SUPER POWERS (KENNER)
“Japanese history professor Toshio Eto was teaching class one day when suddenly a mystical bolt of energy hit him. The bolt of energy had been sent from emissaries of the New Gods who were in need of super heroes. The strange energy enveloped Eto and released the latent energy in his body, transforming him into the Samurai. Using his newfound powers of the hurricane and wielding an energy sword, the Samurai mistakenly caused havoc until the transformation was explained to him and he decided to be a force for good.”
You know, I really haven’t reviewed enough Super Powers figures on this site. I mean, at this point, I’m essentially only reviewing them once a year, which means it would take me almost 40 years to actually get through them all. That’s not a great metric for me. I should probably work on that. Fortunately, I’m getting some help on that front, with a new one to kick-start things a little bit. Super Powers started with a focus on DC’s core characters, but as the line continued it shifted its focus, and by its final year, it was largely made up of rather minor characters, and in fact a good number of characters not even from the comics originally. Though not a total fabrication for the line, Samurai began his life outside of the comics medium, as one of four heroes created for Challenge of the Super Friends in order to diversify the Justice League’s line-up. Ultimately, he and the rest of these new heroes fell into some pretty heavy stereotyping, but hey, it was the ’70s. Samurai was the only of these characters to be carried over into Super Powers, but it’s worth noting that both El Dorado and Black Vulcan would have joined him had the line continued (El Dorado even made it to the prototype stage).
THE FIGURE ITSELF
Samurai was released in 1987, as part of the third and final assortment of Kenner’s Super Powers. He was Samurai’s first figure, and would remain his only figure for a good three decades. The figure stands 4 1/2 inches tall and he has 8 points of articulation. Samurai had one more joint than most figures in the line, with movement at his waist. It’s largely just there to facilitate the figure’s action feature, but it’s still possible to use it as a point of articulation as well, so hey, extra movement. Samurai’s sculpt is actually not bad. He had the benefit of only really having one source to draw from in terms of design, and he ultimately does an okay job of capturing that design in three dimensions. It’s not the greatest design, admittedly, but I guess it could have been worse. It’s also worth noting that they didn’t feel the need to redesign him the way they did a handful of characters from later in the line, so, again, this works out pretty well. Samurai’s design relies on some cloth goods for his vest piece. It’s a piece very commonly missing from the figure, and it’s worth noting that the one sported by my figure is, in fact, a reproduction. It’s not a bad repro, though, all things considered, and regardless of repro or original, the cloth piece works well for this part of the figure. Makes him very difficult to get complete, but cool nevertheless. Samurai’s paint work is pretty basic stuff. Not a ton of crazy work going on, but the face is pretty sharp, and the colors are bright. I can definitely get behind it. Samurai was originally packed with a small sword, which, like the vest, is very commonly missing from the figure. As you can see, my figure does not have it. Some day. In addition to the sword, he also had an action feature, “Gale Force Spin.” When you squeezed his right arm, his lower torso would spin. And mine still works, even.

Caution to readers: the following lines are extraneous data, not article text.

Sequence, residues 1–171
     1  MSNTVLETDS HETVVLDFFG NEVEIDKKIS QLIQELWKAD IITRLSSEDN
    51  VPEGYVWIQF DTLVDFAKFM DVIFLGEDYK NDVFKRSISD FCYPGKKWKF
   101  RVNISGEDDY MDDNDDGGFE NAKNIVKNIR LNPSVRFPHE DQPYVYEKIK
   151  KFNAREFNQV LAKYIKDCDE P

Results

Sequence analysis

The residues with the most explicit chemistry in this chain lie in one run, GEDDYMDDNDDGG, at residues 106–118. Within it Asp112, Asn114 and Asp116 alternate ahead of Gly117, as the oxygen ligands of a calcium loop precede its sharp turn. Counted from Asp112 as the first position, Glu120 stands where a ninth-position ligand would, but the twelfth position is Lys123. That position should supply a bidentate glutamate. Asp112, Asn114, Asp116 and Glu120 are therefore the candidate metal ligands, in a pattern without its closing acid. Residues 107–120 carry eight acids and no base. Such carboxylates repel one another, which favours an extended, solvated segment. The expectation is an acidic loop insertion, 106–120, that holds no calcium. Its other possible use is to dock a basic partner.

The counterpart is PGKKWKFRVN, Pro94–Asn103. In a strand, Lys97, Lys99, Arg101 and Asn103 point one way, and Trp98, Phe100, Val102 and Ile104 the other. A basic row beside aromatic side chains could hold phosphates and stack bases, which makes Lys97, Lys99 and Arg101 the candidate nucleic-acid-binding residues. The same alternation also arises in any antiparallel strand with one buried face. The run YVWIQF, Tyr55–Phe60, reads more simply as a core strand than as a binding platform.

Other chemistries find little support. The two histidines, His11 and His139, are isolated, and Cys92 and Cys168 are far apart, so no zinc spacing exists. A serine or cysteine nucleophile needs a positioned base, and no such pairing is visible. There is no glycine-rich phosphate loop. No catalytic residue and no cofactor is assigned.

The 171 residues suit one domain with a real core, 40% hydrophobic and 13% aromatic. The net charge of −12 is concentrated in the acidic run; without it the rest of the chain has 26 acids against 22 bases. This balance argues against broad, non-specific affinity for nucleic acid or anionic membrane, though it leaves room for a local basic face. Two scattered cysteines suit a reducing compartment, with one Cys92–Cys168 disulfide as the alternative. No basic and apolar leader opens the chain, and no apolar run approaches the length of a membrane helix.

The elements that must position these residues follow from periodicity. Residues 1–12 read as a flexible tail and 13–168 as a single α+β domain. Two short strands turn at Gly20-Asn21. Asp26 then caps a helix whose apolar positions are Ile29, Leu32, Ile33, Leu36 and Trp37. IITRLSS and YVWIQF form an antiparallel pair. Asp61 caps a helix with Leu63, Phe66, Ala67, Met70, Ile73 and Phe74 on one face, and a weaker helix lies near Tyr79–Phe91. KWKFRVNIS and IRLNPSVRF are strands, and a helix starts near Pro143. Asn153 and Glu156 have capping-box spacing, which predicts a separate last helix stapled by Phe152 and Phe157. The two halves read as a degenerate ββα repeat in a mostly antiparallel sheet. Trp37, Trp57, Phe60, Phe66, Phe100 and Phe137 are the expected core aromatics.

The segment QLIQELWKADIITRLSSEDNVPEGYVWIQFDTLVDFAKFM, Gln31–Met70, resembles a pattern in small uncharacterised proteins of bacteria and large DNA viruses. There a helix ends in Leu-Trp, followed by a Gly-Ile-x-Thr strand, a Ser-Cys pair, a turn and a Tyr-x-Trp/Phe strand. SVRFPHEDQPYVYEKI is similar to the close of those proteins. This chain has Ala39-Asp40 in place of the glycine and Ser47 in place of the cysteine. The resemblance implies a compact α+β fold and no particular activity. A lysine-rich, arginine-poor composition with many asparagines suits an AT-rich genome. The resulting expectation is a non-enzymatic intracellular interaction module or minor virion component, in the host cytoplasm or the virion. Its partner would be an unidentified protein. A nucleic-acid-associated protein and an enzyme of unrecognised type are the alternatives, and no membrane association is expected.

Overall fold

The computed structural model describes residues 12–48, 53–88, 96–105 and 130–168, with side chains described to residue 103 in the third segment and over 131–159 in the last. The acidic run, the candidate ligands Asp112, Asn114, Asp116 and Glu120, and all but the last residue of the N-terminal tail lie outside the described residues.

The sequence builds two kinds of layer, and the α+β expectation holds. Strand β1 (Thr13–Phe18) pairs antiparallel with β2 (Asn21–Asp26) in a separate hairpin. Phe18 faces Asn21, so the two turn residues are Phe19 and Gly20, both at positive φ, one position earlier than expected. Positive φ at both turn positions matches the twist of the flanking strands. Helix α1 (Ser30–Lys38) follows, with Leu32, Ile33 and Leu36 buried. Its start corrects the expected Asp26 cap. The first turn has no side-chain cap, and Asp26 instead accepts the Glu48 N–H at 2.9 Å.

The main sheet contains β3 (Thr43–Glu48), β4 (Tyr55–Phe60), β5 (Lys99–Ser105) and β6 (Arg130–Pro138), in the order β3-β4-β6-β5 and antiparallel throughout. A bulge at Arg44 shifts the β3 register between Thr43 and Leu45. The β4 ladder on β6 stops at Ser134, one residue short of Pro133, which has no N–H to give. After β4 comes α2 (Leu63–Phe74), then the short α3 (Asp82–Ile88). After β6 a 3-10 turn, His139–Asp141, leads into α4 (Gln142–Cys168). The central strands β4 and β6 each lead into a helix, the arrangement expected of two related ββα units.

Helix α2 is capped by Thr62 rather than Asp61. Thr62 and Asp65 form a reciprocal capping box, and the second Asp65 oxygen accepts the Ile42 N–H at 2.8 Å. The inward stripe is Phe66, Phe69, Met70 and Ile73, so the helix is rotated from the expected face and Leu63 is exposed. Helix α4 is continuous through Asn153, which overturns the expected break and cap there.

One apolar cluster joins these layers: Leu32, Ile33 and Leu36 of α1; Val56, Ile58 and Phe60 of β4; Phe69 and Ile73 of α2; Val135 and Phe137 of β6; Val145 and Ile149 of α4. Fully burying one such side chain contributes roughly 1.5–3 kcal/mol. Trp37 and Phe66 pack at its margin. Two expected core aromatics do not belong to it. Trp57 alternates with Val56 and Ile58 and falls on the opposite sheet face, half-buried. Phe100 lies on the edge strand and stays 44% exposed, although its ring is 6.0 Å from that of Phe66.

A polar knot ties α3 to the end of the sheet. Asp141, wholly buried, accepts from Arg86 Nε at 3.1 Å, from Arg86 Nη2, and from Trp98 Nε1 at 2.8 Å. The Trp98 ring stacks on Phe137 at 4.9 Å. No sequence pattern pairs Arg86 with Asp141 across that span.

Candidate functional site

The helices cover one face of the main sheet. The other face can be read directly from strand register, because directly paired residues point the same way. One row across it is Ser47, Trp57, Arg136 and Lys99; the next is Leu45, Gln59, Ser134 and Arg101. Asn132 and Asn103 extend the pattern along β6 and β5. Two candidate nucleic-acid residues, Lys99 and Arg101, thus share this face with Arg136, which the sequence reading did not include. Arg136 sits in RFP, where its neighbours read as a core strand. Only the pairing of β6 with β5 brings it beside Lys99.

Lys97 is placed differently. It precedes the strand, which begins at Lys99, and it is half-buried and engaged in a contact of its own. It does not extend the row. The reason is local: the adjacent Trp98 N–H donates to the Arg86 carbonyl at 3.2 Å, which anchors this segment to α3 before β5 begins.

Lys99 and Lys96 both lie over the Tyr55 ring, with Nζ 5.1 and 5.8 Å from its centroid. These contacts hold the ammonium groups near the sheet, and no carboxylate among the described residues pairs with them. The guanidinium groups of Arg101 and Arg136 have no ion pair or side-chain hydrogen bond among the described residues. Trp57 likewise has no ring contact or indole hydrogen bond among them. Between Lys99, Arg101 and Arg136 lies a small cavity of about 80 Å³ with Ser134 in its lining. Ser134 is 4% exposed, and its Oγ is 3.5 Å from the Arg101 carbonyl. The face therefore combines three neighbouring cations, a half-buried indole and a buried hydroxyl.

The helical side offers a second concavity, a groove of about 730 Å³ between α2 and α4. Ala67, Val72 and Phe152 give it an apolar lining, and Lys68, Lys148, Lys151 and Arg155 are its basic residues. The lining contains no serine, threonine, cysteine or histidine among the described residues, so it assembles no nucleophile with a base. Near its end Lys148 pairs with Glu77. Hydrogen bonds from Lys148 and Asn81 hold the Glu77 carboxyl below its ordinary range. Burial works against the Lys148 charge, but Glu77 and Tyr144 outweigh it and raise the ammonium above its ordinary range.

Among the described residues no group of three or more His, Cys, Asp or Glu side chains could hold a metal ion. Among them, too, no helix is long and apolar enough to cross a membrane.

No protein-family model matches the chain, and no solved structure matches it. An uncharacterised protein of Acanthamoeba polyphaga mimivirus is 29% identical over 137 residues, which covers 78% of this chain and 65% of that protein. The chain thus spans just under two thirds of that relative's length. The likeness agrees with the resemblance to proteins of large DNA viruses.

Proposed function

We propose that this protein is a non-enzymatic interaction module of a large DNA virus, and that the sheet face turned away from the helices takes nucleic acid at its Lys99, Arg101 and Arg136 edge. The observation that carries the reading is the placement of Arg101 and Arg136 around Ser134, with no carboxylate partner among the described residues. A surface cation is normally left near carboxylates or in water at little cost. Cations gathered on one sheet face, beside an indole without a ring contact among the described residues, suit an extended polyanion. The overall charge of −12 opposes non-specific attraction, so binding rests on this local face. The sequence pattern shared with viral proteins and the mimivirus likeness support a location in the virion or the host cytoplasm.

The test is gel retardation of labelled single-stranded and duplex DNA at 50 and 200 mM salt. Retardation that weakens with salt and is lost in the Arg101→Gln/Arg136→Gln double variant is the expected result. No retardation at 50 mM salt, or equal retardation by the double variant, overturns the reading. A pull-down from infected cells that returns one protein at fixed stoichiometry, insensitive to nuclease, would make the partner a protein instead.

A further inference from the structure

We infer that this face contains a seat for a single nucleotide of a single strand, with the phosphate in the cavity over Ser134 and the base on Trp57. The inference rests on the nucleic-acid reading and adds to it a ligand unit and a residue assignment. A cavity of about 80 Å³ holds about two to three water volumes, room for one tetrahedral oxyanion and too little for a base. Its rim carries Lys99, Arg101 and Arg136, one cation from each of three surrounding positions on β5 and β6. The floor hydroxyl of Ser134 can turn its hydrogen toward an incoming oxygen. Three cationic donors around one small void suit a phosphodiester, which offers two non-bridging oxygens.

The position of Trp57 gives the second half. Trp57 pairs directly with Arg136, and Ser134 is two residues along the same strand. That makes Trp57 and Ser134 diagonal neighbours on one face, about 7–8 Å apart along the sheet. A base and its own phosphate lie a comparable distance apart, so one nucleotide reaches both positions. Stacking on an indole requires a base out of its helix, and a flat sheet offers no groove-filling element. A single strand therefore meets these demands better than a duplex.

THE ME HALF OF THE EQUATION
Of the four added characters from Super Friends, Samurai has always kind of been my least favorite, which makes the fact that he was the only one to get a figure here a little sad. That, coupled with his rarity, has meant I’ve never really rushed out to get this guy. However, my dad, who has been getting me Super Powers figures as Christmas gifts since I was 7, got me this guy as a Christmas gift this year, albeit an ever so slightly late one, thanks to the mess that is the current state of the United States Postal Service. Hey, at least I managed to get him before the new year. That was a miracle in and of itself. Samurai isn’t the most impressive character, but the figure is kind of fun, and is a major step forward with my Super Powers collection. Just 7 more to go!